In the following paragraph he deplores the denial of the inherent moral and spiritual context of technology, an ideology "that threatens to confine us within an a priori that holds us back from encountering being and truth." He provides the balanced picture again between knower and known, without an a priori, in going on to say: "The key to development is a mind capable of thinking in technological terms and grasping the fully human meaning of human activities, within the context of the holistic meaning of the individual's being." (n. 70)
Faith and Reason
Furthermore God's wisdom is shown through both the natural world and through revelation. Paragraph 48 of Caritas in Veritate states:
''Nature expresses a design of love and truth. It is prior to us [...] Nature speaks to us of the Creator (cf. Rom 1:20) and his love for humanity. It is destined to be 'recapitulated' in Christ at the end of time (cf. Eph 1:9-10; Col 1:19-20). [...] Nature is at our disposal not as 'a heap of scattered refuse'[Heraclitus], but as a gift of the Creator who has given it an inbuilt order, enabling man to draw from it the principles needed in order 'to till it and keep it' (Gen 2:15)."
As Pope John Paul II put it in Fides et Ratio:
"It is the one and the same God who establishes and guarantees the intelligibility and reasonableness of the natural order of things upon which scientists confidently depend, and who reveals himself as the Father of our Lord Jesus Christ." (n.34)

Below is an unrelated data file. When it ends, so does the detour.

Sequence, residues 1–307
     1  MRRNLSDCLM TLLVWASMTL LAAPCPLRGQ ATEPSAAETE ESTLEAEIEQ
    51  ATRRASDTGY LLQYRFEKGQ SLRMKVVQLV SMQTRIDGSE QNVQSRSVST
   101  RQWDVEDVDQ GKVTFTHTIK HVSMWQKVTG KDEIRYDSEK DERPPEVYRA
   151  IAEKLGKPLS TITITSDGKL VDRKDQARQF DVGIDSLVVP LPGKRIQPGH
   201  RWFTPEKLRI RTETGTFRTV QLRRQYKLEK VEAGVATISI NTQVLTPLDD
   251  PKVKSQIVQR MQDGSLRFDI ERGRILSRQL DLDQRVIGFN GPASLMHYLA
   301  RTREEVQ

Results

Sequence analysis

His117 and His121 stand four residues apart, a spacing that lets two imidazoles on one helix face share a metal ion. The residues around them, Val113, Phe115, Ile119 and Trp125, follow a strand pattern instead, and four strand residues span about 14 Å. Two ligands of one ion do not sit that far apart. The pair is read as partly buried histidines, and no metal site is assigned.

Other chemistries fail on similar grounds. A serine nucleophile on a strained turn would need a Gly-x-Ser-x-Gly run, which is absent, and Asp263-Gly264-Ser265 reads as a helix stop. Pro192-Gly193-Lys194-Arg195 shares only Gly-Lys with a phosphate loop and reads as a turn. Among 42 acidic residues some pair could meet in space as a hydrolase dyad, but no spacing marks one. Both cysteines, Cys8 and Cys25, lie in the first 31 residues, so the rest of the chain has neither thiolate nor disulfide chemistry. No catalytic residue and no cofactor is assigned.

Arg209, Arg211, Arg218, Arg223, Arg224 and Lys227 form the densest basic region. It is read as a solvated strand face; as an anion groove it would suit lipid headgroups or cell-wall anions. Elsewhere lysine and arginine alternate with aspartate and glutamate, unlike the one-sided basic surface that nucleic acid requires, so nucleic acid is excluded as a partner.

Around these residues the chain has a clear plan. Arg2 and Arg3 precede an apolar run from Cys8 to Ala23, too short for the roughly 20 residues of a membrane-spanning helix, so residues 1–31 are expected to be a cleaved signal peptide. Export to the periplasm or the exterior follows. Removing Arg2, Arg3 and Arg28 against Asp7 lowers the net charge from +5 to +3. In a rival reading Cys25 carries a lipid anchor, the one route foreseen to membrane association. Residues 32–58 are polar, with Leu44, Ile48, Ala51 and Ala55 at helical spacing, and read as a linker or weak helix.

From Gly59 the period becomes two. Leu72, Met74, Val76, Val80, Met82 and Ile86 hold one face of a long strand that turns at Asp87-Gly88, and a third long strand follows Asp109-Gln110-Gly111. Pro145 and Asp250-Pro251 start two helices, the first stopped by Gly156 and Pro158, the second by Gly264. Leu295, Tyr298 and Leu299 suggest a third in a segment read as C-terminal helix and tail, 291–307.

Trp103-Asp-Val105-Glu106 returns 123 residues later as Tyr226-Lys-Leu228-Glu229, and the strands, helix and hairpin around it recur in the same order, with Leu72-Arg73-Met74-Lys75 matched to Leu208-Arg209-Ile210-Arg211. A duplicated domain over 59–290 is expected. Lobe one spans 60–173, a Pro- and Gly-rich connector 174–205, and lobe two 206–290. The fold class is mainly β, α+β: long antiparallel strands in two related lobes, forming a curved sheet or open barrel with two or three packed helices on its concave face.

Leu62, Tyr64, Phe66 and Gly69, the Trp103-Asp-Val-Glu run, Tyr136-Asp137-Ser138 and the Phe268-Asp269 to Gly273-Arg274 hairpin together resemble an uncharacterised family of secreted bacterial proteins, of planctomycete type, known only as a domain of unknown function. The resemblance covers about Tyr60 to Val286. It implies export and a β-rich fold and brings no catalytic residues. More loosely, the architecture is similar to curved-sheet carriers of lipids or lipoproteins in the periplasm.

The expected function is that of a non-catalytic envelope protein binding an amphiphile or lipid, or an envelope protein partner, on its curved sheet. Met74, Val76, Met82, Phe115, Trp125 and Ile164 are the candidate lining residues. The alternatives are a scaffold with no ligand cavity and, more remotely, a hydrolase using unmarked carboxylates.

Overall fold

In a footnote to this passage, Pope John Paul referred to Galileo's letter of 1613 to Fr Benedetto Castelli, arguing that the two truths, of faith and of science, can never contradict each other, and to the teaching of Gaudium et Spes 36 which echoed Galileo in teaching that properly conducted research in any field will not be opposed to faith (provided that moral norms are respected) since "the reality of the world and of faith have their origin in the same God". And this is through the one simple Logos.
In his 2008 address to the university of La Sapienza which he was eventually prevented from giving because of the protests of a small number of the faculty, Pope Benedict proposed the use of an expression from the Council of Chalcedon, in an entirely different context, to describe the relationship between philosophy and theology: "without confusion, without separation." The same could also be applied to that area of knowledge which is the natural sciences. They are not to be confused with theology, nor should they be separated from it.